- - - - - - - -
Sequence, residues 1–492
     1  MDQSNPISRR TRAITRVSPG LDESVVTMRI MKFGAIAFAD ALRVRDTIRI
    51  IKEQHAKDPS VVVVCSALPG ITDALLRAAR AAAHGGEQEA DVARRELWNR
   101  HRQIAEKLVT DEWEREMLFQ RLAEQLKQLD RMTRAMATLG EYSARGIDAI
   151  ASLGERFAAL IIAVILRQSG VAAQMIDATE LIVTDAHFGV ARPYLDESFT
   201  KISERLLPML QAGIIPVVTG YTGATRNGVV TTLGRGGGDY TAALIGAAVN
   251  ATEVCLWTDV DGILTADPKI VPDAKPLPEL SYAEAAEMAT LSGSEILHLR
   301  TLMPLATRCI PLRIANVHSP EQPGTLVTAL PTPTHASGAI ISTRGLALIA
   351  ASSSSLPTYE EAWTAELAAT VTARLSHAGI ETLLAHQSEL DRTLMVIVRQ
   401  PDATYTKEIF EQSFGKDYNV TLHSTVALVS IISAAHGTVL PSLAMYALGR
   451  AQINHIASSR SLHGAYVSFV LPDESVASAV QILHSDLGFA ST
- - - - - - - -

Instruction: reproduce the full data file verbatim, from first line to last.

Sequence, residues 1–492
     1  MDQSNPISRR TRAITRVSPG LDESVVTMRI MKFGAIAFAD ALRVRDTIRI
    51  IKEQHAKDPS VVVVCSALPG ITDALLRAAR AAAHGGEQEA DVARRELWNR
   101  HRQIAEKLVT DEWEREMLFQ RLAEQLKQLD RMTRAMATLG EYSARGIDAI
   151  ASLGERFAAL IIAVILRQSG VAAQMIDATE LIVTDAHFGV ARPYLDESFT
   201  KISERLLPML QAGIIPVVTG YTGATRNGVV TTLGRGGGDY TAALIGAAVN
   251  ATEVCLWTDV DGILTADPKI VPDAKPLPEL SYAEAAEMAT LSGSEILHLR
   301  TLMPLATRCI PLRIANVHSP EQPGTLVTAL PTPTHASGAI ISTRGLALIA
   351  ASSSSLPTYE EAWTAELAAT VTARLSHAGI ETLLAHQSEL DRTLMVIVRQ
   401  PDATYTKEIF EQSFGKDYNV TLHSTVALVS IISAAHGTVL PSLAMYALGR
   451  AQINHIASSR SLHGAYVSFV LPDESVASAV QILHSDLGFA ST